"The question is how to let everybody participate in this modern work environment," says Mr. Kakiuchi. The story of Parts Seiko, Mr. Kakiuchi’s long term client, is a valuable subject within the newly published book Strategic KAIZEN™ written by Masaaki Imai, founder of Kaizen Institute. Mr. Kakiuchi and Mr. Imai worked closely together in the 90’s to help companies in the United States and Europe while providing training for local consultants. This was shortly after the KAIZEN™ methodology was introduced as a secret of Japan’s competitive success. Today, KAIZEN™ remains as relative and powerful to increase competitiveness for companies globally. In this fourth article of a five-part series, Mr. Kakiuchi explains the changes in the market and his recommendations how to face them to Risa I. Cox, Managing Director of Kaizen Global Enterprises.
So far, you have shared a lot about the past. Now, please share your view of how the world is changing.
Managers who resist KAIZEN™ must be people who are not interested in production. I work as a lecturer at Japan Management Consultants Association and am in charge of the course to train production managers. This is a large organization, but mine is the only course for manufacturing. Other courses are for financing or mental training. Managers of companies tend to be attracted to trendy or accessible courses, but not to the crude manufacturing course. I think the interest in manufacturing is decreasing in general. Perhaps, managers who are interested in manufacturing are fewer than before. This naturally makes it difficult to do KAIZEN™.
Most of your current clients are Japanese companies. What are specific problems that Japanese companies face now?
We are short on young people. For example, if you suggest 24 hours operation with three shifts, nobody will come. So, there is no choice but to hire foreign labor through temporary agencies. There are language barriers and there is no tacit understanding which we could have among Japanese people. This is not the work place for KAIZEN™. Supervisors keep worrying about staffing and training new people day and night, because people quit quickly and easily. Unlike old days, companies are no longer the places where everybody thinks together and works on KAIZEN™ together.
Mr. Yukio Kakiuchi
Further, the Japanese market has shrunk in recent years and China also became capable of making functional products. Japan, in the meantime, is having to make products that are sellable, knowing what the customers want and please them.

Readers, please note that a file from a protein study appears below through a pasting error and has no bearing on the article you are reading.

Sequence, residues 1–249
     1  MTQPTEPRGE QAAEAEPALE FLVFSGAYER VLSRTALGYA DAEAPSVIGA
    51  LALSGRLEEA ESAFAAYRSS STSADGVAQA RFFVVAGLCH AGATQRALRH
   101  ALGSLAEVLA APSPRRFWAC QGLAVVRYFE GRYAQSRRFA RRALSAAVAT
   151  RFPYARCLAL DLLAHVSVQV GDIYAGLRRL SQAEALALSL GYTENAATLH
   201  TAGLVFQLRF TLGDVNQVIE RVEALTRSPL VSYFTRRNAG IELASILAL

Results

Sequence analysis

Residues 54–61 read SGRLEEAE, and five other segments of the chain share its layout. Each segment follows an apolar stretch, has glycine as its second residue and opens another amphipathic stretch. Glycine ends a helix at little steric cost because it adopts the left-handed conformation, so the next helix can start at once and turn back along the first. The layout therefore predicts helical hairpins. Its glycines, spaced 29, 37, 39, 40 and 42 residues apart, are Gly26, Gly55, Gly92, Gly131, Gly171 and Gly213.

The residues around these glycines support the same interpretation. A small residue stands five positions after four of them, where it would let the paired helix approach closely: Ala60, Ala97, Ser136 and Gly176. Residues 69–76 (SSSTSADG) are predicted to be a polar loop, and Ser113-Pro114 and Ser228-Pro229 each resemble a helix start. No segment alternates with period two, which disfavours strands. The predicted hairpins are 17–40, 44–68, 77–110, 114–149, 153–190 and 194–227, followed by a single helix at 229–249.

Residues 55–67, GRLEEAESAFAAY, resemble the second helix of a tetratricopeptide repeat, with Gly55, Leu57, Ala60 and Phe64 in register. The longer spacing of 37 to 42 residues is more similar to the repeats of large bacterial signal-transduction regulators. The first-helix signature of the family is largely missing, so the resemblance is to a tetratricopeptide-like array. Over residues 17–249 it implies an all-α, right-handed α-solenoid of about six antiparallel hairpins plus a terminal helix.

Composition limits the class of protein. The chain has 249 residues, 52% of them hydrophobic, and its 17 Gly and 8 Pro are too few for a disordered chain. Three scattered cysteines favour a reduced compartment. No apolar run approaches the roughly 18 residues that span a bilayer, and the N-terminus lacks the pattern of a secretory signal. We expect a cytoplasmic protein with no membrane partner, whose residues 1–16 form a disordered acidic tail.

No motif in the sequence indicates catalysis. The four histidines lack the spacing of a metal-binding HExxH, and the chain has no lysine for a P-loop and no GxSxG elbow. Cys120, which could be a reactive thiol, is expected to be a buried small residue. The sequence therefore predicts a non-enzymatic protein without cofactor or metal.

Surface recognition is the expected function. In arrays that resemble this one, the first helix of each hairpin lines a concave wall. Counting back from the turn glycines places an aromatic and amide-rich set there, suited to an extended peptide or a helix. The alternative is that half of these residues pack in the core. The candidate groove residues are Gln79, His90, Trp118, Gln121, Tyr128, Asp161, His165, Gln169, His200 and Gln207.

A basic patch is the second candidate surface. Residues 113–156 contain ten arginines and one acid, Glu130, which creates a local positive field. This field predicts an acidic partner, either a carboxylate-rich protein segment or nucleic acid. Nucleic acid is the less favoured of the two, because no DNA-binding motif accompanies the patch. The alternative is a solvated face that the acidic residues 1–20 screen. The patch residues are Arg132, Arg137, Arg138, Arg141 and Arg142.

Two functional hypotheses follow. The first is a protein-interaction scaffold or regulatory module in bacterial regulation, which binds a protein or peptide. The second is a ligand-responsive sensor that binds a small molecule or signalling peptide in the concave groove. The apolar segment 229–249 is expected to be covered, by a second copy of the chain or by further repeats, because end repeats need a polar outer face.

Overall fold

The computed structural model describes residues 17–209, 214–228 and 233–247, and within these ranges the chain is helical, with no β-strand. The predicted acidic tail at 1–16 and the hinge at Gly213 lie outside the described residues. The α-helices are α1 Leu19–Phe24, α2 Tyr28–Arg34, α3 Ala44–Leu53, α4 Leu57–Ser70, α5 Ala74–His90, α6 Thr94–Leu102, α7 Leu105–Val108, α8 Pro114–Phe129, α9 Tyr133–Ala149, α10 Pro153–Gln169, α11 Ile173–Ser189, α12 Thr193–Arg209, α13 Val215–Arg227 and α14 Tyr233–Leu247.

"...There has to be top-down policy deployment, which is a premise.”
How would you help Japanese and non-Japanese companies alike?
I would like to understand what objective they want to achieve in a top-down approach and what they expect to see specifically. Based on that understanding, I would ask who is responsible for carrying out the program. For example, if a company wants to improve the quality, who is responsible for improving the quality? They may have to do more research on materials and maybe the design itself is a problem, or their handling of tools might be wrong. If workers are not taught how to use tools, then everybody is responsible.
The question is how to let everybody participate in this modern work environment. Instead of making a speech to insist everybody’s participation is important, I suggest to let everybody join in the method I mentioned before and clean the place. Then, start KAIZEN™ using what you learned so far. People can understand the importance of bottom-up much better once you use your own body. This is one way to start. Needless to say, there has to be top-down policy deployment, which is a premise. Without it, nothing works. But when nothing works, even if there is a specific instruction, I suggest using the method and collecting small ideas which enable people to act even without instruction.
Interested in reading about how to succeed while business is changing? Watch out for the next blog post to be published on Friday, March 25th!
Click below to read the first three blog posts of this series: